Contractor scams

It can happen to anyone ... Hurricanes, tornados, hail or fire can damage your roof or siding, or more.

You want to get back on your feet quickly. Yet big storms lure shady contractors to your neighborhood. Most contractors are honest, yet some try to exploit the confusion of a disaster. They want to line their pocket at your expense.

The scams

The price you pay

Fight back

The scams

• Lowball bids such as "special hurricane deals" and "limited time offers;”

• Shoddy repairs, using substandard material.

• Damages your roof or siding more than it already is, to inflate the claim.

• Disappears with your downpayment after finishing only part of the job — or doing no work.

• Convinces you to legally sign over your claim to the contractor. Inflated claims are made behind your back. Your insurer is sued without your knowing.

Warning sign: Stranger knocks on your door after a storm, offering “affordable” repairs.Repairs insured?

The price you pay

• You have shoddy repairs that can take weeks of stress to fix before you can move back into your home.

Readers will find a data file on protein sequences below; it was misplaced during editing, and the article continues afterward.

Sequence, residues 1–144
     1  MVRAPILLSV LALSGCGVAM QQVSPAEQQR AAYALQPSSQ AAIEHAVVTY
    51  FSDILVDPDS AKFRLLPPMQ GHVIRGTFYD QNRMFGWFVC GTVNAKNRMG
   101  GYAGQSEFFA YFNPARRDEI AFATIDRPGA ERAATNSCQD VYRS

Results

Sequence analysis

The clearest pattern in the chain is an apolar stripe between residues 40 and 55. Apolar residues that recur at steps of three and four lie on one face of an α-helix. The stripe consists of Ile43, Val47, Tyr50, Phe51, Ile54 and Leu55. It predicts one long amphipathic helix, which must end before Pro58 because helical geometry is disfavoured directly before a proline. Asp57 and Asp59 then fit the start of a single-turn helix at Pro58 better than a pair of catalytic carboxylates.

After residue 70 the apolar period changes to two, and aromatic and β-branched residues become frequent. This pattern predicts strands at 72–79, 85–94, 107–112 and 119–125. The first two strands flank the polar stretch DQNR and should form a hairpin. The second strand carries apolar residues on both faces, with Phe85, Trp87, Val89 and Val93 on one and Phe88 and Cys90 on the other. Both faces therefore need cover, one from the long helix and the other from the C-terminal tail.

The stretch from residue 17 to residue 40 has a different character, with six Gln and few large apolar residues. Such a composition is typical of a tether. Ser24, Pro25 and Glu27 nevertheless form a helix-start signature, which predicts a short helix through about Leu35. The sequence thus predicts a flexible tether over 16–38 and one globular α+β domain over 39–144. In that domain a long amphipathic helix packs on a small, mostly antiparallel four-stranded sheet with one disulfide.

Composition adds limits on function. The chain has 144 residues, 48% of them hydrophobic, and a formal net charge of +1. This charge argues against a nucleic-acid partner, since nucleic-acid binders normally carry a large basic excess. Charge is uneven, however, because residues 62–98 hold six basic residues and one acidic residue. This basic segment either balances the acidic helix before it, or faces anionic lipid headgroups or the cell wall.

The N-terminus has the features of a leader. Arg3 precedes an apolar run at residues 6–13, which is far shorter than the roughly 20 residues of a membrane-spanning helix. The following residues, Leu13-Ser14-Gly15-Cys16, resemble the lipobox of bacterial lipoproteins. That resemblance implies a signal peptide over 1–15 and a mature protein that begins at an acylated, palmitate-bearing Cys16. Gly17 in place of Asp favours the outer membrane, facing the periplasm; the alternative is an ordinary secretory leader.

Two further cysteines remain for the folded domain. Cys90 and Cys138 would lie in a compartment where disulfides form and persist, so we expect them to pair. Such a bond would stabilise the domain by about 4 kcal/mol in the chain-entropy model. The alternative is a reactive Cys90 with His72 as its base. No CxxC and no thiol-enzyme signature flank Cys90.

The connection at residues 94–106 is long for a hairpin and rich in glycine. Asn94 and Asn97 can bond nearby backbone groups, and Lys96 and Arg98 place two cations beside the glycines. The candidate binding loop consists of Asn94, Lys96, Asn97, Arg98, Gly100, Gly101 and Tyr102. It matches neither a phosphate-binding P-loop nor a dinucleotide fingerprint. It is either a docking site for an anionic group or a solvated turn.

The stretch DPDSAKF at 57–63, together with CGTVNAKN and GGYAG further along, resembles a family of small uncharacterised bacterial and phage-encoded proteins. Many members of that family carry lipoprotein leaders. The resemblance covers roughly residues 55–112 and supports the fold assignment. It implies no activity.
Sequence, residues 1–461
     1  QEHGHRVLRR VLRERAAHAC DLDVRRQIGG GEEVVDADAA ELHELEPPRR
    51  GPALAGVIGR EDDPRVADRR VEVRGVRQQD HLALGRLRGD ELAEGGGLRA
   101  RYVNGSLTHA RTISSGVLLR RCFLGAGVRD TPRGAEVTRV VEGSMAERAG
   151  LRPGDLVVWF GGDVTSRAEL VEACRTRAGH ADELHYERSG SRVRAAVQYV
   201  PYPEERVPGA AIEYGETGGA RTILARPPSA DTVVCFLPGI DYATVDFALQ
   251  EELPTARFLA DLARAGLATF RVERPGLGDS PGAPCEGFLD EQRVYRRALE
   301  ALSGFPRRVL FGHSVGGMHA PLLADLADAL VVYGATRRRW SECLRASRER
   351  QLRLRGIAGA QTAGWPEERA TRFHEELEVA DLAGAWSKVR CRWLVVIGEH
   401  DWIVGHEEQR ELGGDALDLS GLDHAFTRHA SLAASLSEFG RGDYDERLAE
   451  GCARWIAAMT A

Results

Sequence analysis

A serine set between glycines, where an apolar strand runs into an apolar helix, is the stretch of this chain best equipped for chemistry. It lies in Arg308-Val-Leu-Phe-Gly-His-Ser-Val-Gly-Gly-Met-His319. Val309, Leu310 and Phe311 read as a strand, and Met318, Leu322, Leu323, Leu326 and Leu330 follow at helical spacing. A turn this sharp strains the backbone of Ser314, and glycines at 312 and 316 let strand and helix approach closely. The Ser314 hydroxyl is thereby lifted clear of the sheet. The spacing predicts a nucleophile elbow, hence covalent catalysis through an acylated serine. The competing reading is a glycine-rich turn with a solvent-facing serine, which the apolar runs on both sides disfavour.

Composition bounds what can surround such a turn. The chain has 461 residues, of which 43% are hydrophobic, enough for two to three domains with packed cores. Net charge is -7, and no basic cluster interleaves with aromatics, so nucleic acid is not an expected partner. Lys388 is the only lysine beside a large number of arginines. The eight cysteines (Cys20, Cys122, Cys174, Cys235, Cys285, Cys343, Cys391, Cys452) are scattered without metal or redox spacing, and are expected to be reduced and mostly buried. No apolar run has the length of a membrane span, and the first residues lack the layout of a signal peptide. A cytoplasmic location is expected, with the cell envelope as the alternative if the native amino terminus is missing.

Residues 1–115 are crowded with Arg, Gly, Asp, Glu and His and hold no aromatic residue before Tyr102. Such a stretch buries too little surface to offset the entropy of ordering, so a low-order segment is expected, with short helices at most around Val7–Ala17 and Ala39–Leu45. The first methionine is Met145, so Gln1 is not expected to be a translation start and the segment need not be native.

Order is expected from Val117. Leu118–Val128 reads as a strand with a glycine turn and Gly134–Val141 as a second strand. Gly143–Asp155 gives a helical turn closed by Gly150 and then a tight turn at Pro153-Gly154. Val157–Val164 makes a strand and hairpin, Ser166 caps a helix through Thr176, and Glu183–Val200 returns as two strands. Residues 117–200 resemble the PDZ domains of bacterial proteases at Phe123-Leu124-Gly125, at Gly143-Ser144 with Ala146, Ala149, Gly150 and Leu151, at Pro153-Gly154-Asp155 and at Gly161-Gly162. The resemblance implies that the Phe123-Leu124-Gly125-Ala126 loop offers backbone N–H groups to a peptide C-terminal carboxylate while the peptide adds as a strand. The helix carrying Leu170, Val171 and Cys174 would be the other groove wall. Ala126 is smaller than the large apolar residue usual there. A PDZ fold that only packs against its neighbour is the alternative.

• Your claim is denied because the repairs were fraudulent — you pay out of your own pocket.

Fight back

Get several bids. Get two or three written repair bids, if possible. They should include allcosts, what work will be done, schedule for completing the work, and guarantees.

Hire local. Use established local contractors. Avoid strangers who go door-to-door, especially after a storm. They may be unlicensed, dishonest, untrained and from out of state.

Licensed? Ask to see a contractor's state or local licenses, and check with the government contractor licensing agency.

Hint: Ask for proof of liability and workers-compensation insurance.

Signed contract. Get a signed contract — before work begins. But don't sign contracts with blanks.

Avoid advance payment. Never pay a contractor in full before work begins. Normally you should only pay about 20 percent or less upfront.

• Hint: Never pay extra when a contractor says the cost of materials has "suddenly increased." Pay only what's spelled out in your signed contract.

No cash. Pay only with check or credit card — never cash.

Repairs insured? Make sure your insurer will cover the repairs — before work starts. Also have your insurance adjuster estimate the damage and repair costs.

Coordinate with insurer. If practical … have your insurer inspect the damage before repairs begin. Insurers may even require an inspection first. Your claim could be denied if you make expensive, permanent repairs before the insurer inspects.

Signing off. Sign the certificate of job completion only when repairs are finished to your satisfaction, and per your signed contract.

Fight back. Contact your state insurance fraud bureau and local office of consumer affairs if you suspect a repair scam.